What becomes of cities when the yuppies flee?
Let Americans Build
America’s urban future hangs in the balance.
Since the 1990s, cities across the United States have seen a remarkable era of revival and flourishing. This success is now in jeopardy, held hostage by the debilitating spirit of “no-can-do” which pervades American politics.
Well known to all observers are the challenges and the forms of attendant dysfunction: extraordinary housing costs, declining state capacity, the rise of remote work, and a greater political tolerance for public disorder. Perhaps less obvious, but no less dire, are the political obstacles to reform: a sort of “vetocracy” has formed among those whose hidebound ideological radicalism prevents any sort of compromise. This Coalition of the Unwilling is intent on stopping all change in the built environment: an activist class who treat quality of life concerns as an affront, alongside cheems mindset naysayers incapable of envisioning a better, bolder future, are doing their part to ensure that the American urban future is not one of continued flourishing.
However, success stories and innovative ideas, from both at home and abroad, offer positive and dynamic visions for what American cities can do to provide continued prosperity and new opportunities for millions of Americans.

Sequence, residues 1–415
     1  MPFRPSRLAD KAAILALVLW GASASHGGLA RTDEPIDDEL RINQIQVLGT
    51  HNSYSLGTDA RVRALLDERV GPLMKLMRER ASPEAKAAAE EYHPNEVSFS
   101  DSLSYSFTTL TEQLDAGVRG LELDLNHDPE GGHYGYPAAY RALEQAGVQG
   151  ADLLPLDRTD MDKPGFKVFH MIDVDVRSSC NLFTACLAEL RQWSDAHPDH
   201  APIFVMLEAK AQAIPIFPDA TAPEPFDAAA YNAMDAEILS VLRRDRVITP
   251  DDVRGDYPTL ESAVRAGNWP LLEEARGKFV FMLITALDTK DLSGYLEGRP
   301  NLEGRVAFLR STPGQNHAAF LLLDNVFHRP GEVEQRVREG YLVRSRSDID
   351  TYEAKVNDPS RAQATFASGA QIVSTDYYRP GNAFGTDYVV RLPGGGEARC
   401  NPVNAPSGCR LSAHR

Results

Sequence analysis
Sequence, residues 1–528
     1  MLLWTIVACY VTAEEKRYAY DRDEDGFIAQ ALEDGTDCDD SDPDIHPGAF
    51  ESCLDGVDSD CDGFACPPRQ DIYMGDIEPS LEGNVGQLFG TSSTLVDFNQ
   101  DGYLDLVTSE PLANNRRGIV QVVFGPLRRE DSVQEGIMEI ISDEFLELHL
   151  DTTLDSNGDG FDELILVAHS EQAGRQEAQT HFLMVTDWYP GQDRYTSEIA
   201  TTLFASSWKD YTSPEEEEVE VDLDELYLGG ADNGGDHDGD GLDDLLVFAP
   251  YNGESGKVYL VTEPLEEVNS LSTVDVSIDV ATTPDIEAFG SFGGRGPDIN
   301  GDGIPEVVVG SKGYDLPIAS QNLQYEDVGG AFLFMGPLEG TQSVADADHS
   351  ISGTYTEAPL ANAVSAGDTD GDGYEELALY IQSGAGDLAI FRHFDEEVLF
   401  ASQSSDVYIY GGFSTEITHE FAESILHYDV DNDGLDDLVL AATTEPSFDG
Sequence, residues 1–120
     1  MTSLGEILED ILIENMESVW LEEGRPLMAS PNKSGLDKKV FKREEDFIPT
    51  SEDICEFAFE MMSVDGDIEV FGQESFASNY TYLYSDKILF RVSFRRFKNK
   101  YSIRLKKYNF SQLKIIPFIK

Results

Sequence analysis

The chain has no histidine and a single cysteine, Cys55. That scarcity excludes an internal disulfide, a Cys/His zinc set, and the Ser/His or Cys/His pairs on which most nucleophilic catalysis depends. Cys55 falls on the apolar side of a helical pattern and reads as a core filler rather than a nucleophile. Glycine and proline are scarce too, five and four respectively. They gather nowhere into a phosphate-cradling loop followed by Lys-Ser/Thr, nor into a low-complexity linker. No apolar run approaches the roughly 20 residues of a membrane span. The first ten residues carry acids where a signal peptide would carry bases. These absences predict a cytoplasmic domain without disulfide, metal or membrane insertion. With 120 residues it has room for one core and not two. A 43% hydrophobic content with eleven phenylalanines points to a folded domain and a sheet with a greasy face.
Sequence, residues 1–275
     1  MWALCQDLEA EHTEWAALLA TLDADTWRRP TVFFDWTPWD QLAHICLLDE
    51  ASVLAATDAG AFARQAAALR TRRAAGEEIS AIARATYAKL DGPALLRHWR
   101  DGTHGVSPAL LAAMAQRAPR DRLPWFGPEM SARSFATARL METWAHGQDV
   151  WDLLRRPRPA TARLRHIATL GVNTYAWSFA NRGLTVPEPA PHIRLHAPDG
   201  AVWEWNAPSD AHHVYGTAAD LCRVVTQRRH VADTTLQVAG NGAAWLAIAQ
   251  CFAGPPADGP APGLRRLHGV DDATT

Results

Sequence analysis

Virtually all of the policy issues and public debates surrounding the affordability of housing in cities, at their core, revolve around property rights. And in American cities, we see the simultaneous devaluation of property rights for some, while other groups enjoy a disastrous over-expansion of their own. In some of America’s most important cities, the idea of by-right development—that you can build what you like within the confines of the law without the need for special approvals—is a fantasy. “Member deference” in New York, “aldermanic privilege” in Chicago, and “discretionary review” in San Francisco allow for the excise of political control, either by individual elected officials or by the “community” group with the loudest voice in the room, to kill, delay, or greatly modify a project simply because they don’t like it.